An updated PBPK model of methylene chloride (DCM, dichloromethane) carcinogenicity in mice was recently published using Bayesian statistical methods (Marino et al., 2006). In this work, this model was applied to humans, as recommended by Sweeney et al.(2004). Physiological parameters for input into the MCMC analysis were selected from multiple sources reflecting, in each case, the source that was considered to represent the most current scientific evidence for each parameter. Metabolic data for individual subjects from five human studies were combined into a single data set and population values derived using MCSim. These population values were used for calibration of the human model. The PBPK model using the calibrated metabolic parameters was used to perform a cancer risk assessment for DCM, using the same tumor incidence and exposure concentration data relied upon in the current IRIS entry. Unit risks, i.e., the risk of cancer from exposure to 1 microg/m3 over a lifetime, for DCM were estimated using the calibrated human model. The results indicate skewed distributions for liver and lung tumor risks, alone or in combination, with a mean unit risk (per microg/m3) of 1.05 x 10(-9), considering both liver and lung tumors. Adding the distribution of genetic polymorphisms for metabolism to the ultimate carcinogen, the unit risks range from 0 (which is expected given that approximately 20% of the US population is estimated to be nonconjugators) up to a unit risk of 2.70 x 10(-9) at the 95th percentile. The median, or 50th percentile, is 9.33 x 10(-10), which is approximately a factor of 500 lower than the current EPA unit risk of 4.7 x 10(-7) using a previous PBPK model. These values represent the best estimates to date for DCM cancer risk because all available human data sets were used, and a probabilistic methodology was followed.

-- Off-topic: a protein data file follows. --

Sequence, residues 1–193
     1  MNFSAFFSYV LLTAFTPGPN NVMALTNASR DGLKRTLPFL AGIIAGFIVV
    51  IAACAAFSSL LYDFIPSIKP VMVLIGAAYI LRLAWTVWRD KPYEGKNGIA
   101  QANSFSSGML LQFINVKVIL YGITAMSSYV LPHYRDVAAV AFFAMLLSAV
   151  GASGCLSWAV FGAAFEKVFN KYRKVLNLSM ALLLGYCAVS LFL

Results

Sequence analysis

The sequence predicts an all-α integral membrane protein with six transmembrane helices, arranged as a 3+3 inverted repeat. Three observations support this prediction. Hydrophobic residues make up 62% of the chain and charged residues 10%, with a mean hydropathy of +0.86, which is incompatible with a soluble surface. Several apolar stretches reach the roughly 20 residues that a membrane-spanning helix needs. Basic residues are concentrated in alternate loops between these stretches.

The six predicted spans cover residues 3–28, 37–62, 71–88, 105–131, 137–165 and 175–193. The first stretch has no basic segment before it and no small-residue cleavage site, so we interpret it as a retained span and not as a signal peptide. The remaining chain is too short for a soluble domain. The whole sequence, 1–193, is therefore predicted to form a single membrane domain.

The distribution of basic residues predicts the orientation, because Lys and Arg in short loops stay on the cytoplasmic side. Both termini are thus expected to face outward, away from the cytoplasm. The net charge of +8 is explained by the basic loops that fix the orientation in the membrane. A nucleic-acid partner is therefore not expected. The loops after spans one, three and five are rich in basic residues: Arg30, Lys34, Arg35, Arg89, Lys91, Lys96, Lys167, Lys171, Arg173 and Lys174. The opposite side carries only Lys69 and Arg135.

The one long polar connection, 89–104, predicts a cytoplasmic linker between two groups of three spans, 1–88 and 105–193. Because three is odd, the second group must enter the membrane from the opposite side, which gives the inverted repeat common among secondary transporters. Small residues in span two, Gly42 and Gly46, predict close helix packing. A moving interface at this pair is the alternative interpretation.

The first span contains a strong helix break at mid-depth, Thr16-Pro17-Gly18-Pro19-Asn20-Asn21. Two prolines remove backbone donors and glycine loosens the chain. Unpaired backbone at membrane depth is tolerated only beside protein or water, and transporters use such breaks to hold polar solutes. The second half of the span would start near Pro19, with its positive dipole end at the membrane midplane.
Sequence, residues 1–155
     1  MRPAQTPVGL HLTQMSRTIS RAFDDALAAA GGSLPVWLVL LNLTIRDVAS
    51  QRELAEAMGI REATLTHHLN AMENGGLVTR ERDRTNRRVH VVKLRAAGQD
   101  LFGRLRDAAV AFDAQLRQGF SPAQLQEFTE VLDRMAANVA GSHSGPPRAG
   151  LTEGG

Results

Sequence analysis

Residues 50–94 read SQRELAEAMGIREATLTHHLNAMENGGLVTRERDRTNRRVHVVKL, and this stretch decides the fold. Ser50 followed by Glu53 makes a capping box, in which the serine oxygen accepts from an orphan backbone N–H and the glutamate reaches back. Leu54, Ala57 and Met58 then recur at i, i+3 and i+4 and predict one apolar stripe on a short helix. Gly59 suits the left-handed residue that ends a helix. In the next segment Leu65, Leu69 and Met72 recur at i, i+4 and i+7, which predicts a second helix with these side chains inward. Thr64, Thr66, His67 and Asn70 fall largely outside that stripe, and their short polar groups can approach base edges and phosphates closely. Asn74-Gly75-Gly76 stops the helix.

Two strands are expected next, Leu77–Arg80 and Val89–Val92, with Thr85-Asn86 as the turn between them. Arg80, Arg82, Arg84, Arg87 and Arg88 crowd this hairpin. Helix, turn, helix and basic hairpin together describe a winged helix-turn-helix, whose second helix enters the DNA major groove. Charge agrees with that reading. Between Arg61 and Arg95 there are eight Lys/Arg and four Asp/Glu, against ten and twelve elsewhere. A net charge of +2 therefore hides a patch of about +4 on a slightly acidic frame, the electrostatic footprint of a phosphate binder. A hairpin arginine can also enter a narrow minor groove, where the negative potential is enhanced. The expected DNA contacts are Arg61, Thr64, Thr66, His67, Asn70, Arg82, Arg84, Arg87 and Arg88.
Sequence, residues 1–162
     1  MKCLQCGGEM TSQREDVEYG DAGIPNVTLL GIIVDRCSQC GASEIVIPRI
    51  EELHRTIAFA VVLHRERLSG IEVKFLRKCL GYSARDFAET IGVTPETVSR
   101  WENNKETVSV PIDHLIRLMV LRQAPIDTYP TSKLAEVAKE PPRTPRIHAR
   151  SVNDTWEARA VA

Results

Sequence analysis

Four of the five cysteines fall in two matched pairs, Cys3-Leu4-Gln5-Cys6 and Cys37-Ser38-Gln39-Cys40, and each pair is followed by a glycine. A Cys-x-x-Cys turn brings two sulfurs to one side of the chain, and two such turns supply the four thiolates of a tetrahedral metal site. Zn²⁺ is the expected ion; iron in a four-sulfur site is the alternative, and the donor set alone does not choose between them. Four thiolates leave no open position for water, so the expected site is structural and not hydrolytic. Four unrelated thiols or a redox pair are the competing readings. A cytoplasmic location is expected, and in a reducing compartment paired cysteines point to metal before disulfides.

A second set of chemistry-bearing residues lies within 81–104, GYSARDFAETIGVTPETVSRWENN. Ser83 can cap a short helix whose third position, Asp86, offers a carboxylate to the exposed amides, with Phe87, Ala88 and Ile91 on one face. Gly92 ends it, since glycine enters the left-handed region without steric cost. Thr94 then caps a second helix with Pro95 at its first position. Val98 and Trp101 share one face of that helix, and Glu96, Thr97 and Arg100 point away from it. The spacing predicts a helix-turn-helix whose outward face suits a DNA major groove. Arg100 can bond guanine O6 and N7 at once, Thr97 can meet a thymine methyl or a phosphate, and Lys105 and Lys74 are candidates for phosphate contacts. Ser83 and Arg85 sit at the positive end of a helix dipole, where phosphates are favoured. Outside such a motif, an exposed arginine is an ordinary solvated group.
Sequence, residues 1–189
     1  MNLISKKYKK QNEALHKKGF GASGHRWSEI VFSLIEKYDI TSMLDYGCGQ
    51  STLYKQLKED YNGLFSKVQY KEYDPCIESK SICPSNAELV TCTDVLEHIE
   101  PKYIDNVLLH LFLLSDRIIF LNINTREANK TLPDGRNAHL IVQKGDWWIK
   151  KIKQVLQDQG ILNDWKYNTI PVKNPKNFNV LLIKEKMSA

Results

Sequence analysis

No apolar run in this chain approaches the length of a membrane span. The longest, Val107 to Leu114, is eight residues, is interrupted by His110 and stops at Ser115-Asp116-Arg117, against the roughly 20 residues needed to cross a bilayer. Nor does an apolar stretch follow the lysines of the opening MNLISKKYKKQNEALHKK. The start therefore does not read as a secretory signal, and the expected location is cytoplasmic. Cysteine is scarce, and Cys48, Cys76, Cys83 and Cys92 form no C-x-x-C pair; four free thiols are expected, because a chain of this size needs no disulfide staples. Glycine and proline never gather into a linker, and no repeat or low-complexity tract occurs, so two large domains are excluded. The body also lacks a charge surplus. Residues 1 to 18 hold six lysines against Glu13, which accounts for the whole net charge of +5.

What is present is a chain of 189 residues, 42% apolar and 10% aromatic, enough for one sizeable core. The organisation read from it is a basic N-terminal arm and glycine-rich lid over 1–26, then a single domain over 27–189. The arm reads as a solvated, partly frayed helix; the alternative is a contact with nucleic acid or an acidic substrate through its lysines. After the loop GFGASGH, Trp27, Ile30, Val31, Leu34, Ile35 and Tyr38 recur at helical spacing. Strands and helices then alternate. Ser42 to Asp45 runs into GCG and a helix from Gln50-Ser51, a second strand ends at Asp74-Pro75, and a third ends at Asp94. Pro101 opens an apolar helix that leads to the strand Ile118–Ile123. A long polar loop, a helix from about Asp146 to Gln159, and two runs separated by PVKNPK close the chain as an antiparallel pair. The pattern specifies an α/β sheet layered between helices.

• Revised assessment of cancer risk to dichloromethane: part I Bayesian PBPK and dose-response modeling in mice.

      Marino, Dale J.; Clewell, Harvey J.; Gentry, P. Robinan; Covington, Tammie R.; Hack, C. Eric; David, Raymond M.; Morgott, David A. (2006-06)
      The current USEPA cancer risk assessment for dichloromethane (DCM) is based on deterministic physiologically based pharmacokinetic (PBPK) modeling involving comparative metabolism of DCM by the GST pathway in the lung and liver of humans and mice. Recent advances in PBPK modeling include probabilistic methods and, in particular, Bayesian inference to quantitatively address variability and uncertainty separately. Although Bayesian analysis of human PBPK models has been published, no such efforts have been reported specifically addressing the mouse, apart from results included in the OSHA final rule on DCM. Certain aspects of the OSHA model, however, are not consistent with current approaches or with the USEPA's current DCM cancer risk assessment. Therefore, Bayesian analysis of the mouse PBPK model and dose-response modeling was undertaken to support development of an improved cancer risk assessment for DCM. A hierarchical population model was developed and prior parameter distributions were selected to reflect parameter values that were considered the most appropriate and best available. Bayesian modeling was conducted using MCSim, a publicly available software program for Markov Chain Monte Carlo analysis. Mean posterior values from the calibrated model were used to develop internal dose metrics, i.e., mg DCM metabolized by the GST pathway/L tissue/day in the lung and liver using exposure concentrations and results from the NTP mouse bioassay, consistent with the approach used by the USEPA for its current DCM cancer risk assessment. Internal dose metrics were 3- to 4-fold higher than those that support the current USEPA IRIS assessment. A decrease of similar magnitude was also noted in dose-response modeling results. These results show that the Bayesian PBPK model in the mouse provides an improved basis for a cancer risk assessment of DCM.
    • Solar cycles and their relationship to human disease and adaptability.

      Davis, George E.; Lowell, Walter E. (2006)